Moral failure is a euphemism that pastors bring up in statements when
they are dealing with a variety of issues, but particularly things related to
illicit sexual relationships. It seems
that these sorts of things started coming to light in the 1980s. Men like Jim Bakker, Jimmy Swaggart, and Ted
Haggard were all pastors who had precipitous falls from popularity after their
secret lives were exposed. Since then,
there have been scandals involving Hillsong, Ravi Zacharias, Bill Hybels, and
It is easy to question whether any Christian leaders are
morally upstanding or maybe if the leaders of the past were simply better at
hiding their improprieties.
Moral Failure in religious leaders is not something that is
new. There is a story at the beginning
of the book of I Samuel about two brothers, Hophni and Phineas, which has many
of the same themes of these modern situations.
It is instructive to look at it and think about what light it sheds on
our issues in the church setting.
Hophni and Phineas were the two sons of the High Priest of
Israel, Eli. We don’t know much about
them as individuals. The author of I
Samuel addresses them as a single unit in the first few chapters of the book and
does so in decidedly negative fashion.
Eli was the High Priest, but as he aged, his sons began
assuming more and more responsibility around the Tent of Meeting. As they did so, Scripture tells us that they
began to sleep with the women who were serving in the Tabernacle.
More than that, they began taking meat from the sacrifices
before it was sacrificed, even though this was against the Law. If any worshiper protested their behavior,
they would use force against him to get their own way.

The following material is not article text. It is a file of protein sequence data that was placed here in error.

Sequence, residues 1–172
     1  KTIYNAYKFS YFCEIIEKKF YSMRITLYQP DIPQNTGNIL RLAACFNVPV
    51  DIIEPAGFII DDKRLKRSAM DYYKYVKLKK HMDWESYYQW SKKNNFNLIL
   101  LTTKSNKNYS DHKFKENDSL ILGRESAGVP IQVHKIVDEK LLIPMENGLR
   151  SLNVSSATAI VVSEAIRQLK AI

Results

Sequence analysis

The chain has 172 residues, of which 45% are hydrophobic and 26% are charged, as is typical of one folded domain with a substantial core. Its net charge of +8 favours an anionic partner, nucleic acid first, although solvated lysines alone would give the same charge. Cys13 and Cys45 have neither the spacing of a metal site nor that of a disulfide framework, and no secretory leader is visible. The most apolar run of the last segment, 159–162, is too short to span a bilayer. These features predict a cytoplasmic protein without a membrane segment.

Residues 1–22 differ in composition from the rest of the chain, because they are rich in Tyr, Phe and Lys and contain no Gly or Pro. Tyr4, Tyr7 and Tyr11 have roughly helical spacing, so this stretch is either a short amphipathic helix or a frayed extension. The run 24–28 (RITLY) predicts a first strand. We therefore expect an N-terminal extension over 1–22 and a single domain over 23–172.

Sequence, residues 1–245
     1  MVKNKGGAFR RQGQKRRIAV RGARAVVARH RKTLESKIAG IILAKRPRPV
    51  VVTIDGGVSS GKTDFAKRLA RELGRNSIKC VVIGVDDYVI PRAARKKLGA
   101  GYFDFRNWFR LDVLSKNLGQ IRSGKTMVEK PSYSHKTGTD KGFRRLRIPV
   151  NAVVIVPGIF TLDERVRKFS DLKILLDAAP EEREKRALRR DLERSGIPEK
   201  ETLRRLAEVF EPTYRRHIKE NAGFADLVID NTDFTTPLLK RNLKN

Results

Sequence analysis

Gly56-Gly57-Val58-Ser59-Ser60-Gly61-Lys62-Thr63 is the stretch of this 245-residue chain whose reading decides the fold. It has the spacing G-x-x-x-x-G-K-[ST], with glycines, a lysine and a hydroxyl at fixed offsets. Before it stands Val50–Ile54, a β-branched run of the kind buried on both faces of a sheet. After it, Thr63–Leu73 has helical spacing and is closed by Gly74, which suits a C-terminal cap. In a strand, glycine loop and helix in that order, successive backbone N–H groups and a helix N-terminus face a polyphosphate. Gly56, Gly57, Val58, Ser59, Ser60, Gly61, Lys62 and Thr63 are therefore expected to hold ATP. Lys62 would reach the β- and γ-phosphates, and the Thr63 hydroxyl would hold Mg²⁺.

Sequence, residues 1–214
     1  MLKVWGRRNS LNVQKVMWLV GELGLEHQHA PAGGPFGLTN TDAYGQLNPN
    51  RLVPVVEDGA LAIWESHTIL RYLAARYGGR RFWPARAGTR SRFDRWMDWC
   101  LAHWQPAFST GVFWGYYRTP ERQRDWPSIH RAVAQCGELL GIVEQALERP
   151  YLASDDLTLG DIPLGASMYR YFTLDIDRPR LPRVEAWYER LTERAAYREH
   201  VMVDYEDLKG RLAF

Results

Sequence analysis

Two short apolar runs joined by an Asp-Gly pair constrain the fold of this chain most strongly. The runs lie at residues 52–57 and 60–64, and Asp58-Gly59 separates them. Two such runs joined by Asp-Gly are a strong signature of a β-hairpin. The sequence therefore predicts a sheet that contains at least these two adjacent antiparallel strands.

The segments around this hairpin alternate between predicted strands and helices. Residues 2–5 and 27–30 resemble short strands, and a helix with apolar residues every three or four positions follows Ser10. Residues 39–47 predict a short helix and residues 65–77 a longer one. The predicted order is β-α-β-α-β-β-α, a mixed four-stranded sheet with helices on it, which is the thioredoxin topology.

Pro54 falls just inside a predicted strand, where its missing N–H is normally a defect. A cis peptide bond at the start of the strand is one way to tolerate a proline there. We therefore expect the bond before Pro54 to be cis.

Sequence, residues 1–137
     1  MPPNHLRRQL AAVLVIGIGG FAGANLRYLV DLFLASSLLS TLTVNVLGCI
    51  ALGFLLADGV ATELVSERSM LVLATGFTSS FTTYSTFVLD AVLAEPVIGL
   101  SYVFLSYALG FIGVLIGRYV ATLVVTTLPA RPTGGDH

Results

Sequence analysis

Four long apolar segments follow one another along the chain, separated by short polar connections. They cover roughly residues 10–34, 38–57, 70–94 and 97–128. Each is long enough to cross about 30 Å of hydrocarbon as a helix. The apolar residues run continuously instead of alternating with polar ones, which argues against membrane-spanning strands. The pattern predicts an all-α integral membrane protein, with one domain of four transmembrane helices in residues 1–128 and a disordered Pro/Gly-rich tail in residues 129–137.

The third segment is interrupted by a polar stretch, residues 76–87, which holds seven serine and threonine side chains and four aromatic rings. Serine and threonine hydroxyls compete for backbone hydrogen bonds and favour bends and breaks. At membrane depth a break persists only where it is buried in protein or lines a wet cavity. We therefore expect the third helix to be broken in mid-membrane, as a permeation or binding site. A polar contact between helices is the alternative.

At the time that all of this was going on at the Tabernacle,
there was a war going on between Israel and the Philistines and Israel was
losing. Some Israelite field commander had the
bright idea that bringing the Ark of the Covenant to the frontlines would be a
way to win a victory.
Hophni and Phineas accompanied the Ark to the scene of the
battle and Samuel records that when it arrived there was a great improvement in
morale of the troops. The troops cheered
as though they had already won the battle and who could blame them when the God
of the Universe was on their side. It
was at this precise moment that the Philistines decided to attack.
Instead of victory, the Israelites experienced a stunning
defeat. Both of Eli’s sons were killed
in the battle and the Ark of God was captured by the Philistines.
So ends this cautionary history from the beginning of the
books of Samuel. It appears there are
different messages for modern audiences found within this story.
We Select the Wrong Men for Leadership
In the case of Hophni and Phineas, they were chosen for leadership
simply because they were the sons of Eli.
The title of priest was passed down from Moses’ brother Aaron to his
Today, most church leaders are selected either based on
family connections or because of charisma.
It makes sense that people who are well spoken and good at turning a
phrase would become preachers. Of course, these leaders claim to have an upright character and a close relationship with God, but this seems
secondary to other qualities when leaders are selected.
It is helpful to look at the qualities that Paul says an
“overseer” in the church should possess.
In Titus 1:5-9 he doesn’t talk about charisma or good public
speaking. Instead, he lists being above
reproach, not arrogant, not quick to anger, sober, not money focused,
self-controlled, and holy.
Church leadership is about character and connection with
God, not charisma.
Corrupt Leaders Abuse Their Power
It is obvious, but with church leadership comes great
responsibility. In such a position, a
person has great opportunities to encourage and strengthen people within the congregation. On the other hand, there is also a great
opportunity to enrich a leader’s pocketbook, enlarge his ego, and give him
power over the people within his church.
When this power is abused, it often shows itself in the misuse of church
finances or in sexual liaisons within the church.
The end result is severe damage to the message and
ministry of that church – it also has far reaching effects on people outside of the church's willingness to accept the Gospel message.